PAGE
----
Managing the unexpected – a case study
I was recently invited to see a new fringe play. I get a lot of invitations, but cannot attend a large part of them. However, I was curious about this play, and was looking forward to seeing it.
I arranged to take a friend who I often see things with, and we met at the appointed venue an hour early to catch up and have a drink.
I then went to pick up the tickets from the box office person. It turned out that I was only down for one ticket, the performance was sold out, and since I was not going to go without my friend, that meant I would not see the play. (I later received an apology via email from the producer, and the offer of tickets for another night, which I could not take up).
It is very difficult to get industry people to attend fringe shows, so having someone actually turn up but then be turned away does your professional credibility no good at all. Neither does it do much for goodwill.
Now, with a bit of experience or training, the box office people could have handled this much better and much more elegantly:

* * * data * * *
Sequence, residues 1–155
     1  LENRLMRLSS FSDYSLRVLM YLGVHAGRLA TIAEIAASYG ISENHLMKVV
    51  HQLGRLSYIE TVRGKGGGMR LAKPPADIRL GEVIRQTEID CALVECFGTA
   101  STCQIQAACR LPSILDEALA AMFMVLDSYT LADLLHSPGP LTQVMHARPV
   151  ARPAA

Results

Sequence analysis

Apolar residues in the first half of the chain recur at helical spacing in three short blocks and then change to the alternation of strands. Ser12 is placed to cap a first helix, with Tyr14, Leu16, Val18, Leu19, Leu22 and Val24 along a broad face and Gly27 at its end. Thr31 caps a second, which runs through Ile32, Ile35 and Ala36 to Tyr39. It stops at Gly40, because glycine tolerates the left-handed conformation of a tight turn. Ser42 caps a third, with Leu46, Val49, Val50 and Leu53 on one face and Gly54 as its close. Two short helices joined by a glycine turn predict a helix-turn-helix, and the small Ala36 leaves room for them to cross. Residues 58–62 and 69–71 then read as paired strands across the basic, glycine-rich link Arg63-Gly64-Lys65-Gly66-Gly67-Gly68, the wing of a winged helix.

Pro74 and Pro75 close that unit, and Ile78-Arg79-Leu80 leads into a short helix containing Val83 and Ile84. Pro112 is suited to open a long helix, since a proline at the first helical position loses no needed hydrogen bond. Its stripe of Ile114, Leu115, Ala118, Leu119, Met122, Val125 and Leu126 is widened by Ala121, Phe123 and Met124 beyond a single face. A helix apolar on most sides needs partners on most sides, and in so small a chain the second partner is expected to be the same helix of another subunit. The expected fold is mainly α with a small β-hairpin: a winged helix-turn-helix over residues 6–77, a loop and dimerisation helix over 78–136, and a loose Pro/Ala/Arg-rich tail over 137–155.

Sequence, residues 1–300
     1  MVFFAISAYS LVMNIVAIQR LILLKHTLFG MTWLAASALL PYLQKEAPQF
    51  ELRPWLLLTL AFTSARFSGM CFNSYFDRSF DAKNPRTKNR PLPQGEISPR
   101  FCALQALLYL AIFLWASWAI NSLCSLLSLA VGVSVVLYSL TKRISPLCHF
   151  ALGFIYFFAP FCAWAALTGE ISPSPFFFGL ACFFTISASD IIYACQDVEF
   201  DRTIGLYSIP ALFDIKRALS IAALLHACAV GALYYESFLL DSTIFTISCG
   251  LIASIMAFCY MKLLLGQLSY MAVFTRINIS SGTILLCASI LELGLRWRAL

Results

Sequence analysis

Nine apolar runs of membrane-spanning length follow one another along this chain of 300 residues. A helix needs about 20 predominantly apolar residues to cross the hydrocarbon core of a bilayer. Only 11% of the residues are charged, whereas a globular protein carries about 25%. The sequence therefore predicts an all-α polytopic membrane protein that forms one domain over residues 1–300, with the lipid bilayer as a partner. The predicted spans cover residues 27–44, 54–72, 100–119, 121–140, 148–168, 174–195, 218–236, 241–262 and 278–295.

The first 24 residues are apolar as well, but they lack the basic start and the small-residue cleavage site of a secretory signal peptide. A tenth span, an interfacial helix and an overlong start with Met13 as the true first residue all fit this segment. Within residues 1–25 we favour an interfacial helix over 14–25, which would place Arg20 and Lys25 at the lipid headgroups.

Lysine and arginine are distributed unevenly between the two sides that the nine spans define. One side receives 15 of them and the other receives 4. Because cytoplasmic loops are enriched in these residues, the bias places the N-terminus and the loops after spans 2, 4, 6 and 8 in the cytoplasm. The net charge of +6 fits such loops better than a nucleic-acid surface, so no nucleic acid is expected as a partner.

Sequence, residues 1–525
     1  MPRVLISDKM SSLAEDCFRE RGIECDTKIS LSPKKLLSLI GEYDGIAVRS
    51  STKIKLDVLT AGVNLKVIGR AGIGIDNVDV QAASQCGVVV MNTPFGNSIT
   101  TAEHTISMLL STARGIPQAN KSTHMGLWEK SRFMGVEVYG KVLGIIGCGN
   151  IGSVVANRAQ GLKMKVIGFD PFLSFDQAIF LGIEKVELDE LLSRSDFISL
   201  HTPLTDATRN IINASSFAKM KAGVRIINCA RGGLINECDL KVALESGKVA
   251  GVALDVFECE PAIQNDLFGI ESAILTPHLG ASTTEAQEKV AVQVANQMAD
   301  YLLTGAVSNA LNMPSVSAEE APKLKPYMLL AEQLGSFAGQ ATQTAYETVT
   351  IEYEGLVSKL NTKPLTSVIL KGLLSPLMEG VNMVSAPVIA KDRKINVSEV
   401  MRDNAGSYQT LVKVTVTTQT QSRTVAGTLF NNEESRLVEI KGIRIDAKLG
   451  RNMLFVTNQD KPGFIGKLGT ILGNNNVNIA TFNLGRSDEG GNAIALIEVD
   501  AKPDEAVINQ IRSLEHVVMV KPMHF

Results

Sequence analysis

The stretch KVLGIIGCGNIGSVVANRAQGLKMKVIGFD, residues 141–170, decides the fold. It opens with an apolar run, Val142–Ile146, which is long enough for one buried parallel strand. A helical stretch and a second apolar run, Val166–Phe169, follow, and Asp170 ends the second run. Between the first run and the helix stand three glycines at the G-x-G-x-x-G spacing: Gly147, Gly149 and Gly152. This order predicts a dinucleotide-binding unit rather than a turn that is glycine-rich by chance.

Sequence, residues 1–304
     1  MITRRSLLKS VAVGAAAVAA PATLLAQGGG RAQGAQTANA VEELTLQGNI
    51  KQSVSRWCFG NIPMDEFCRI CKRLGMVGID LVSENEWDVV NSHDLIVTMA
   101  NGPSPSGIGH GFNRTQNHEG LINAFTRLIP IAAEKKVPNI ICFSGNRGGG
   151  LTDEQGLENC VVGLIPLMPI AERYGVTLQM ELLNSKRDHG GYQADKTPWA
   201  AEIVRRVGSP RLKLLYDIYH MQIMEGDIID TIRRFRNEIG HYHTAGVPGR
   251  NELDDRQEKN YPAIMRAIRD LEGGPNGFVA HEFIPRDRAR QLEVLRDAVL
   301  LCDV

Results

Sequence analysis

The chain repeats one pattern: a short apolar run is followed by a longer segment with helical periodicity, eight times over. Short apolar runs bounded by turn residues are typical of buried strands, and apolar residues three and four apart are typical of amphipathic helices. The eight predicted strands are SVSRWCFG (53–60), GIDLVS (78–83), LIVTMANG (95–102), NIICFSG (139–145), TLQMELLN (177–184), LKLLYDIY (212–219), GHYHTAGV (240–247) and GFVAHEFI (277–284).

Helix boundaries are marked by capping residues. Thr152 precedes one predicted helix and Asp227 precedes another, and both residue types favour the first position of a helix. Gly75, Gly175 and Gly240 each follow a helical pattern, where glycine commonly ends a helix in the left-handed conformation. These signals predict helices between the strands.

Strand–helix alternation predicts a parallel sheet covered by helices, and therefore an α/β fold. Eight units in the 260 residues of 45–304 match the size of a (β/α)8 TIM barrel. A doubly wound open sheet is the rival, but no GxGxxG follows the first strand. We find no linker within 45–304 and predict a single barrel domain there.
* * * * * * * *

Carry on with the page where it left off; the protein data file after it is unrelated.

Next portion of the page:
- It is extremely rare for a ‘sold-out’ show to be actually 100% sold out. One option would have been to just ask me to wait for 5 minutes while they checked the other tickets and then given me one of the extra seats (it is important this is done with an air of ‘problem, what problem?’)
- A possibly quicker way would be to get the producer to cast their eye over the comps list – often they can tell at a glance if there is any slack in that list – or whether any crew members watching could be moved to another night.
This is common sense, of course, yet I guess it was forgotten with the pressures of the night and the inexperience of the box office volunteers. It also highlights the need to train volunteers properly!
September 2010 (nl)